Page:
Setting up IPv6 tunnel

D. Strout

Resident IPv6 Proponent
This is a continuation of my accidentally archived thread about setting up an IPv6 tunnel. I currently am using gogoclient to accomplish this, but their servers are frequently too busy to let me tunnel through, and it just generally feels unreliable. I've tried the tunnel broker service, but it doesn't seem to want to pass through my modem, even when directly connected to it. Is there any way I can use one of my IPv6-capable VPSes to set up a tunnel all my own?

I am continuing this thread because I wasn't satisfied with the answers from the previous one and think that this is the more appropriate forum for this thread. So it's a move and a bump.
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New Member
It's the same thing i tried to achieve earlier but no luck, i will keep an eye on this thread see if any solution.

D. Strout

Resident IPv6 Proponent
OK, finally managed to get the tunnel IPv6 working. The biggest problem that had felled me before was that I was that I was behind NAT, and in that case when configuring the tunnel on the client you use the private NAT address (usually in the range) instead of the public IPv4 address. For example (from the second line of HE's example config for Windows Vista/2008/7):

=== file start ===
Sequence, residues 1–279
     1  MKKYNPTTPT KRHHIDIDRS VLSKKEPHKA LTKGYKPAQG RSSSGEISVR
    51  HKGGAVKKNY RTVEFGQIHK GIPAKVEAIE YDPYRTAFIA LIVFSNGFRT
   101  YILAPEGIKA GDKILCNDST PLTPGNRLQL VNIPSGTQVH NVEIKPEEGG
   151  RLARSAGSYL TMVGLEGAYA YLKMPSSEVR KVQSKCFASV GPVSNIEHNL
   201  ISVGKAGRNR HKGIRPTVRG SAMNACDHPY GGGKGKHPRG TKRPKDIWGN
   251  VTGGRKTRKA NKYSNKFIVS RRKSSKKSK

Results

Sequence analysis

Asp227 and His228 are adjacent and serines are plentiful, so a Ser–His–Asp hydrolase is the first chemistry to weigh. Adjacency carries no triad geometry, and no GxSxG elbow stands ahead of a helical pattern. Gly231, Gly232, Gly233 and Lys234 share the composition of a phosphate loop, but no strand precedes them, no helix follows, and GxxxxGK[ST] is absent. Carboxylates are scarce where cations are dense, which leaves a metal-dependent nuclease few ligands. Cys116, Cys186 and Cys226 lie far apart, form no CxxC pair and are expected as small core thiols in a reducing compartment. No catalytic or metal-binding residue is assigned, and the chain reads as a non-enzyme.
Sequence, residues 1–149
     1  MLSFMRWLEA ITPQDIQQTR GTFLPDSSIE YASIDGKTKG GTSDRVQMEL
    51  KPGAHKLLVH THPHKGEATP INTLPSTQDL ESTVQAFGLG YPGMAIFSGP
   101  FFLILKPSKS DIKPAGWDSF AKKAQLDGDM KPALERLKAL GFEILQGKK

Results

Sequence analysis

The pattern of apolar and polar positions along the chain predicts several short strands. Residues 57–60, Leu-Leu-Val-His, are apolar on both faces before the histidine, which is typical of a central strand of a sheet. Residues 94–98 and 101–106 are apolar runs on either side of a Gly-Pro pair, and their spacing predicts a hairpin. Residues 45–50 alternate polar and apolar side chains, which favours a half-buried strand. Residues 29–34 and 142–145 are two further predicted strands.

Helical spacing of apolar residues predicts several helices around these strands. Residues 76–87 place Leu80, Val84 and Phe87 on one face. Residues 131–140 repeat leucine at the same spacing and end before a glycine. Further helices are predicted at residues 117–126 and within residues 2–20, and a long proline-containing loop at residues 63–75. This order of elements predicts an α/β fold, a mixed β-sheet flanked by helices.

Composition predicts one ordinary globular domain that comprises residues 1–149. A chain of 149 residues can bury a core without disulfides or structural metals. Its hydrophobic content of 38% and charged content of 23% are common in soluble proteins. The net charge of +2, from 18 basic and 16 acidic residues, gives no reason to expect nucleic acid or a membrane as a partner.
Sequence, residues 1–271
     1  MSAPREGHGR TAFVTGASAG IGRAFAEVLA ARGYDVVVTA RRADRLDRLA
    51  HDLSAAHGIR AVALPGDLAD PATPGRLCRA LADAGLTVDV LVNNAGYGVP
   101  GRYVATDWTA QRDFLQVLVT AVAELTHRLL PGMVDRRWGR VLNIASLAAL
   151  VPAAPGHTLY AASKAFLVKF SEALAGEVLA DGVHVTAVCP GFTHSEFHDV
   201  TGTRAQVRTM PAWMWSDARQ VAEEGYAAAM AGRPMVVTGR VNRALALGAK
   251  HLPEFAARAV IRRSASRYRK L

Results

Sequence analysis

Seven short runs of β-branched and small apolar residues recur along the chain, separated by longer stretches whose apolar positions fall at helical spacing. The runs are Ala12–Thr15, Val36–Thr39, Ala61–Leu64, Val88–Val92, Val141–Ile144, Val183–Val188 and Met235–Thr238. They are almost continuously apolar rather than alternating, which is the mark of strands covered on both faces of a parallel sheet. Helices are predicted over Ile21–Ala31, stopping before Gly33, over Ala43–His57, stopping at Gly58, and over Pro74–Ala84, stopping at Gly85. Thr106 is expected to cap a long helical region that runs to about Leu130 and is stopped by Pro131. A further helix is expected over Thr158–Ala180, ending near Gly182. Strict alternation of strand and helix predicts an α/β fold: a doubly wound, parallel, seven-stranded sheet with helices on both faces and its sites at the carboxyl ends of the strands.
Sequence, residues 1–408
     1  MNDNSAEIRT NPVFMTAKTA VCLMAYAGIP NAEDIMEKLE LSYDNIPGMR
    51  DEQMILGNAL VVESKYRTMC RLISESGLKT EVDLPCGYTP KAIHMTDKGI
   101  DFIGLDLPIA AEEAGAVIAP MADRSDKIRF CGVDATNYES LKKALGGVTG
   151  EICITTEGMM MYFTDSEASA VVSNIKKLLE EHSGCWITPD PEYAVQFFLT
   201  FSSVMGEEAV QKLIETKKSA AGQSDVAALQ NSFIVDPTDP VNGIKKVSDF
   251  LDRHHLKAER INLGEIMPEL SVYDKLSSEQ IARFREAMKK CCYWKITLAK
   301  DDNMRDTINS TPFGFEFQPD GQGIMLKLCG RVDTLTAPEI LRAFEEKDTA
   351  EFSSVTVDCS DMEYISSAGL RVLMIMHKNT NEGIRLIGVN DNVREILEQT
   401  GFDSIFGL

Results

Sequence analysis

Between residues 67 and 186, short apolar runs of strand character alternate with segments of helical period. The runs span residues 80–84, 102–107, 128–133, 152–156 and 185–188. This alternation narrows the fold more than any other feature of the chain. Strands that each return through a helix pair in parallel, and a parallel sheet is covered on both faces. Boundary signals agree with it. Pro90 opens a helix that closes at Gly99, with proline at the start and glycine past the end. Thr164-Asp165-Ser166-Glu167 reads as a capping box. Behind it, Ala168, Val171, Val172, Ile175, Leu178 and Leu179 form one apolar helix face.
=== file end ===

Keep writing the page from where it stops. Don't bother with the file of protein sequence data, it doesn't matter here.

netsh interface ipv6 add v6v4tunnel IP6Tunnel [NAT client IPv4]
By default that line will be the public IPv4 you entered to create the tunnel. Change it and you're all set. BTW, since you are behind NAT, if you need to hook up multiple clients to this tunnel, just use incrementing numbers in the "client IPv6 address" range in that third line of the example config. For instance:

#first PC
netsh interface ipv6 add address IP6Tunnel 2001:470:1f06:37f::2
#second PC
netsh interface ipv6 add address IP6Tunnel 2001:470:1f06:37f::3
That finally got the tunnel up and working, with an ipconfig /release and ipconfig /renew. I could ping ipv6 addresses and hostnames, so I was done, right? Wrong. When I tried to access in Chrome, it wouldn't work. Couldn't find the server. On a hunch, I tried Firefox. That got through. Then I found this article, which revealed that apparently, Google Chrome disables IPv6 DNS lookups by default. Go to chrome: //net-internals (remove that space there, had to add it to work around an IP.Board glitch), click the DNS tab, and click Enable IPv6. Now you're done. If you don't use Chrome, you can skip this step; the rest is the same.

Hope this helps others who were having trouble with HE's tunnel.
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